cooking instructions) at a spot that is always in the vicinity of the user
For each design idea we had an extended discussion with the users about what the appliance should
do, what properties it should have and what properties it must not have. In particular, we were interested
in how people would like to see it embedded in the environment or artifact, how people would like to
interact with it (implicitly or explicitly) and how much control over function and content they would like
to have.
5.2. Towards prototypes
The persona-inspired design ideas provided us with a selection of display artifacts people could imagine
in their environments. By seeing the place where people imagine such displays and by discussing with
them the type of interaction, we understood constraints that matter for potential users. Based on these
collected ideas and on the constraints observed, we specified prototypes of display artifacts for the home.
Each prototype combines input from several of the generated ideas. The goal of these prototypes is to
understand potential display platforms for domestic use. In the following sections, we present a selection
of those prototypes.
5.2.1. Networked alarm clock with information display.Information access without effort was crucial
in many design ideas. Just accessing information without the need of explicit interaction, or accessing
information embedded into an interaction flow that is done anyway seemed to be central requirements.
For most people in our study, the first information display they interact with in the morning is their alarm
clock; similarly, for many people this is also the display they interact with when going to bed. Hence, as
people already use its display function, several interviewees suggested to enhance the display capabilities
of the alarm clock. Their suggestions for information content varied widely and included birthdays,
personal or partners’ schedule, weather forecast, news headlines and personal health information. A
prototype resulting from such suggestions is described in

[27].
In the user group we investigated, more than half did not share the flat with their partner. For them,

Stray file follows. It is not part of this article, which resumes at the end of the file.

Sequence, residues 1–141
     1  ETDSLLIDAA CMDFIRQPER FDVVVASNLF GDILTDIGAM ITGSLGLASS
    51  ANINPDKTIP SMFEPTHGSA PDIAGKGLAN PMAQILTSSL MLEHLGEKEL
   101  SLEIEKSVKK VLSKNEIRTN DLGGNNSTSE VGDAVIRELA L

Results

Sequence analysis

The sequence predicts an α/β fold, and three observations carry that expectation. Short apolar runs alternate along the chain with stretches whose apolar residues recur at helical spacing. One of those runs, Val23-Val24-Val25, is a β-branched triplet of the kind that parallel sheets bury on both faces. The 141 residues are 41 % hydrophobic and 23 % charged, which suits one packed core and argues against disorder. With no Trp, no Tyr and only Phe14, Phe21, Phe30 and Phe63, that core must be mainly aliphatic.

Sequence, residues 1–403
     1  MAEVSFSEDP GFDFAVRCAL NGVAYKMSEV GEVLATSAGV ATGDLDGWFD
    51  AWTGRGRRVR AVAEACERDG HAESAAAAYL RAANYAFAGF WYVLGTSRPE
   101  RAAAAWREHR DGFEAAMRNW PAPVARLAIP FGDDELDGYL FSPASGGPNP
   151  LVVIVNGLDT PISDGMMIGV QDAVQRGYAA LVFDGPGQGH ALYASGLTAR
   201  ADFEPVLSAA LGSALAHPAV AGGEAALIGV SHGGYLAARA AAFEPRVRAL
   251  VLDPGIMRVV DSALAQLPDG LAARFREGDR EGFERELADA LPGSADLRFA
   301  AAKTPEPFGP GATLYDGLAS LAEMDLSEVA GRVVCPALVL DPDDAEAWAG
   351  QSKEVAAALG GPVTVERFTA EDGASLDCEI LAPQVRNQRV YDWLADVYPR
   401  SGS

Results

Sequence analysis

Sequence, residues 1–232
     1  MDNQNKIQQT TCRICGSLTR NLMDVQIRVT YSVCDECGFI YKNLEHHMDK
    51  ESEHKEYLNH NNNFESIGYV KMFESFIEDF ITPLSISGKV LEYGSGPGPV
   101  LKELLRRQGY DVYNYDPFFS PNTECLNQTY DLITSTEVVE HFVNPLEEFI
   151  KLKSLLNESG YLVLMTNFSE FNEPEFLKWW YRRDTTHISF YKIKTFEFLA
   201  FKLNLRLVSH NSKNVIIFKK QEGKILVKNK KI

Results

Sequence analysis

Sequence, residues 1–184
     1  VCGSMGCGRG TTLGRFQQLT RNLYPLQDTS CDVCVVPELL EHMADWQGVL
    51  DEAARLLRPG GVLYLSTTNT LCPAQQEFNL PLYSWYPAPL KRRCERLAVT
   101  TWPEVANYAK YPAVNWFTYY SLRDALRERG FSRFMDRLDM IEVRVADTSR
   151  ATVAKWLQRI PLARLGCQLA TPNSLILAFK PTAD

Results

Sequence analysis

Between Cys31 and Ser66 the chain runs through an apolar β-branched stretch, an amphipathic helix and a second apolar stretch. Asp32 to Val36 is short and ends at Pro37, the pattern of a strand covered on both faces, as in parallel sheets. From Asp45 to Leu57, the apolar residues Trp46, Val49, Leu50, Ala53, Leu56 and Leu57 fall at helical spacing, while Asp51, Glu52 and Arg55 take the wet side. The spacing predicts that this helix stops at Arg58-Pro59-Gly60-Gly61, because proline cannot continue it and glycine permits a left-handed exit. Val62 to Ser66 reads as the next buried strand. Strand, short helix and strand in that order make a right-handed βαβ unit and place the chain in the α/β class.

sharing time-related (or ritual-related) information was a further central concern. People reported to send
short text messages or to phone their partner when they go to bed or in the morning when they get up.
The data communicated was very much related to provide information on presence. Hence, using the
alarm clock as a medium to communicate presence was suggested.
Others suggested extending this function beyond their partner to friends and family. Sharing
information when going to bed and when getting up did not seem to be a concern. It was, however,
central that this information was not automatically sensed but set by a gesture, such as switching on the
alarm function in the alarm clock when going to bed. On top of such information, it was suggested to
visualize who of your friends is already up and who is still sleeping directly on the alarm clock. Users
suggested that this may enhance communication as well as it may foster a closer relationship between
people. Collaborative functions such as “wake me up when most of my friends are up” were suggested,
too.
Technically, such a platform would consist of the alarm clock extended with a small general
information display and communication facilities (e.g., UMTS). The specific type of information that
should be displayed and the form in which presence information should be shared and to whom would be
customizable.
5.2.2. Enhanced mirror. Most of our participants found that the mirror in the bathroom is an interesting
place for accessing information, as it has been suggested by Philips in their Ambient Intelligence project

[23]. People spend time there during which further information may be provided. One of our participants
reported that he usually goes to the living room to have a quick look at the morning news on TV while
brushing his teeth. In his case, having headline news somewhere on the mirror was the obvious thing he